On Saint Stephen's Day, and then again on Sunday, we were blessed at Saint Stephen's, Milwaukee, with a guest celebrant. Father Gary Schultz, pastor of two parishes in Iowa, Mount Calvary in Eagle Grove, and Immanuel in Rowan, happened to be in town for a few days, and so it worked out perfectly that he was able to cover a couple of days of our pastor's vacation. On Saturday Fr. Schultz celebrated our usual low Mass, and the next day the missa cantata. I had the honor of serving at both Masses, in the one case as server, and in the other as server and deacon. And so from my special vantage point of someone who is both a hearer of the Mass on the one hand, and one who sees the celebrant up close as it were on the other hand, I can say that we were blessed in manifold ways by Fr. Schultz' ministry among us this weekend.
First, Fr. Schultz knows the liturgy. Some might here think, who doesn't? Fair enough, but there are some who seem to have a certain instinct for it. They are not only competent, but also comfortable in the liturgist's skin. Gary Schultz is that kind of priest. This sort of ease with the traditional liturgy was manifest in a couple of ways. Saturday was, I think, his first ever low mass, and yet he said as nice a mass as can be expected from an Iowa West pastor. (Just joking.) Actually things went very smoothly. And on Sunday, now get this, he sang the Mass even though we had no musical accompaniment. Hearing a liturgy sung by some men could be painful, but not in this case. It was a very simple, yet beautifully celebrated Mass.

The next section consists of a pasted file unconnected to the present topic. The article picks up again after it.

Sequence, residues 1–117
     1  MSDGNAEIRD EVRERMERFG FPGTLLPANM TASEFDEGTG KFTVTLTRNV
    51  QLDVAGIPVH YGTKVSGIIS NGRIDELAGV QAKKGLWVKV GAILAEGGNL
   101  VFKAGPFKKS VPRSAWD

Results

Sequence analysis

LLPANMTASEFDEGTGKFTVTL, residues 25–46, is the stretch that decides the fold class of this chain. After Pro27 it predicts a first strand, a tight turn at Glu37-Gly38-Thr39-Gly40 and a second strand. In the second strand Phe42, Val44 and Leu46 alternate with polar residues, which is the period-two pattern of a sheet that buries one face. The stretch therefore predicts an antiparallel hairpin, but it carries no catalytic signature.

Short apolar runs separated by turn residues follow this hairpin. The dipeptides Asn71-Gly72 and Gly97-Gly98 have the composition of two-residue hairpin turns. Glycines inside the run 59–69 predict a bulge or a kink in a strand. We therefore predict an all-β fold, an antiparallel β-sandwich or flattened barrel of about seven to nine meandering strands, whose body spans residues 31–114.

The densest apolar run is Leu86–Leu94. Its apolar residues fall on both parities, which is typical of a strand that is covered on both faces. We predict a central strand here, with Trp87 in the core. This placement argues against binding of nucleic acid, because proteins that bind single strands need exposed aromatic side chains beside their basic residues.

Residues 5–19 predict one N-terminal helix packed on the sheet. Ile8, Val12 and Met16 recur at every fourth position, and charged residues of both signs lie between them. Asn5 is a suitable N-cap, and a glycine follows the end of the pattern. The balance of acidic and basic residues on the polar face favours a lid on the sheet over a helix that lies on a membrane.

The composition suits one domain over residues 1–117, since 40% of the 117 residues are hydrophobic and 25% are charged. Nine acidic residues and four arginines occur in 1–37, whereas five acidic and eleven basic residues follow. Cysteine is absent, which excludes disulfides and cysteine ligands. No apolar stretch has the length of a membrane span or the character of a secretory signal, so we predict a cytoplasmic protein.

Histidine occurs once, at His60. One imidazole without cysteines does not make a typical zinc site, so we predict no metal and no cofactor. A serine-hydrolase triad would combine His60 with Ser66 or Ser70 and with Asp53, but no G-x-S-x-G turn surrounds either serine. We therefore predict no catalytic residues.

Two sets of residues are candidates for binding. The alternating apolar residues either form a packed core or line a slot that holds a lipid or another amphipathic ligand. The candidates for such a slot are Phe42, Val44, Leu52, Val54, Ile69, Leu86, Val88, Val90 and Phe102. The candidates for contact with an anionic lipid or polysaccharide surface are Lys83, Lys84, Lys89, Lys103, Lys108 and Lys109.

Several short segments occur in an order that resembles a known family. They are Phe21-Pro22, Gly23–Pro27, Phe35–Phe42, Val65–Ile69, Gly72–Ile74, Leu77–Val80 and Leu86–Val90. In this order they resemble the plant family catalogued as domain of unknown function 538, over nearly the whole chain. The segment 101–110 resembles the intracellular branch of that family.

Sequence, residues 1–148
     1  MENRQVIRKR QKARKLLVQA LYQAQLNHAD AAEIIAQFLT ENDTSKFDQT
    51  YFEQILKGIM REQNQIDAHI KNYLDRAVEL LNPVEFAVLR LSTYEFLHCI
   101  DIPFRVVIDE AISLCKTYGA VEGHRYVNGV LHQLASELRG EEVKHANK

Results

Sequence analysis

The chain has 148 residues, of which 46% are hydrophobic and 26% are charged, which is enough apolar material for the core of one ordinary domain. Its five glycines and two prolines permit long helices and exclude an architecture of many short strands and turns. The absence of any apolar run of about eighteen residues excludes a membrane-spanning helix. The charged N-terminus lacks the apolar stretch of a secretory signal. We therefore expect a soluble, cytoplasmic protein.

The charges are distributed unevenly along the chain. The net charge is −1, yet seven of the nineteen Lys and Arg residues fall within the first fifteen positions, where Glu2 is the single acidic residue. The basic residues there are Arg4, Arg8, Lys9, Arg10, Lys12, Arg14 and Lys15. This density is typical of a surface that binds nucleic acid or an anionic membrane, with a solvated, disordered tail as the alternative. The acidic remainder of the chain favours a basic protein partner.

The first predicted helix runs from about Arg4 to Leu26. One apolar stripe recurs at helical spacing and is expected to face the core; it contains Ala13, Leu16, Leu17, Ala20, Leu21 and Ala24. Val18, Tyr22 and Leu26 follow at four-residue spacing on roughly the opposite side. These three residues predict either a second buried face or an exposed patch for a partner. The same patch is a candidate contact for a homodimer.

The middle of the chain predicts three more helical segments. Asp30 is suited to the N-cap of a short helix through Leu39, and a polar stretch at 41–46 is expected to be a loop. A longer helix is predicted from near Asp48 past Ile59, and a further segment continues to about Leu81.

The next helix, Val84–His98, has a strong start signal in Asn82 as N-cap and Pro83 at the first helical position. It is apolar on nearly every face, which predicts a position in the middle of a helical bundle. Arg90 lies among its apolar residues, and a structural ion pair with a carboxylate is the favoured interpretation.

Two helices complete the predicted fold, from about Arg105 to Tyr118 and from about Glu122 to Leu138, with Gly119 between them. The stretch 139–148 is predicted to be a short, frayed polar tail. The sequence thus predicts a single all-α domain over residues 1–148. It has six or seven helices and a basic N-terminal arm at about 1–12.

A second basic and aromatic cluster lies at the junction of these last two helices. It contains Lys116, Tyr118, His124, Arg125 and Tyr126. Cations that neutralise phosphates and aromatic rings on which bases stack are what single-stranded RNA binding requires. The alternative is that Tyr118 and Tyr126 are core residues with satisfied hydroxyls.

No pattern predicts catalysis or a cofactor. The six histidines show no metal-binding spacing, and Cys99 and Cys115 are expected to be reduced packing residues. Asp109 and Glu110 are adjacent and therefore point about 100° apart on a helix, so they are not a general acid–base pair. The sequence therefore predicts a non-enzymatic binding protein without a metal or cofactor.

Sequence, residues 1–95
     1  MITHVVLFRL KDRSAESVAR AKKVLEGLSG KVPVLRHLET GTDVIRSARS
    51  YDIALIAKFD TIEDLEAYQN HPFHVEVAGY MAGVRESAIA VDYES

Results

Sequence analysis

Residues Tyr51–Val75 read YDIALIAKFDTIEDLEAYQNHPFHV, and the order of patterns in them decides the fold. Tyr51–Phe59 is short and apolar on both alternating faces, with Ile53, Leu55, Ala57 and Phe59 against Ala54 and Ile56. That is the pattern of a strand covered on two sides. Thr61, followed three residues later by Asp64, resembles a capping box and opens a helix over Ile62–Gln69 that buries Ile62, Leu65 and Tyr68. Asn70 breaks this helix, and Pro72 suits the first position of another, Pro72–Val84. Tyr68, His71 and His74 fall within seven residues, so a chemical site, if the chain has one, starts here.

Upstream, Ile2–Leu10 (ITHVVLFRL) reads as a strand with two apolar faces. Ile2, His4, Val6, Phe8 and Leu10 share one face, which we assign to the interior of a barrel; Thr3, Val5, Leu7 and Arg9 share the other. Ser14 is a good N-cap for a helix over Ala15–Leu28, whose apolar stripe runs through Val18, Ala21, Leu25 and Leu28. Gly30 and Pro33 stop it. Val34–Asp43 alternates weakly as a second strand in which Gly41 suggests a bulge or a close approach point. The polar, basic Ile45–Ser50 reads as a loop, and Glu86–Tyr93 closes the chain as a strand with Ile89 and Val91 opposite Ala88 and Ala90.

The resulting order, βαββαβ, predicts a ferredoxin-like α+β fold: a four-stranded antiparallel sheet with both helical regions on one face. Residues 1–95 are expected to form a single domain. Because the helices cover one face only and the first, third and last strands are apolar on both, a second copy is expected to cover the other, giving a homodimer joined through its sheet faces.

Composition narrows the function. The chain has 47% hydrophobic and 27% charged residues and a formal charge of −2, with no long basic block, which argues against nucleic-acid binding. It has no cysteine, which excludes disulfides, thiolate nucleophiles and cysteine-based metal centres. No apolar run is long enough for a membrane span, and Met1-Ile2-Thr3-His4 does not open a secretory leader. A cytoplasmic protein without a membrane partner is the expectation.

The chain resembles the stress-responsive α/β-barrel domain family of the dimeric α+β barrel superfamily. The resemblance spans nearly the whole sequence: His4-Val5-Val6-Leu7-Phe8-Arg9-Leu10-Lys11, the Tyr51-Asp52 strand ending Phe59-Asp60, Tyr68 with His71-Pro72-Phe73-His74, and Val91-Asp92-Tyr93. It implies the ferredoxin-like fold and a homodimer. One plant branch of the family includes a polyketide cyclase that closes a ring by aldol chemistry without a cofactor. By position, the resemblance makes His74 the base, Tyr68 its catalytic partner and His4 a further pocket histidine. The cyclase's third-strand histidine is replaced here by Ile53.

Second, Fr. Schultz is an excellent preacher. The preachers who hardly know how to give anything but hollow feel good sermons might be at a loss for what to do on Stephen's feast, with its account of the brutal murder of the Church's first martyr. Fr. Schultz was not at a loss for words, words which cut us down and then raised us up.
Third, Fr. Schultz is a churchman who has a heart for the Divine Office. Following Saint Benedict's advice, he prefers nothing to the Work of God. I don't know this because he told me; I know it because it shows in his preaching. The people who have Fr. Schultz for a pastor have someone who delights in the law of the Lord, and exercises himself in it as a matter of course, and this is a great blessing to them, more than they may know.
Thank you, Father Gary, for saying Mass for us, for your preaching, and for being a pastor with a genuine heart for Christ, His Word, and His Church.
P.S. I'm working an unusual 3rd shift tonight, so I hope this post is fairly coherent.
Blessed Childermas to all today.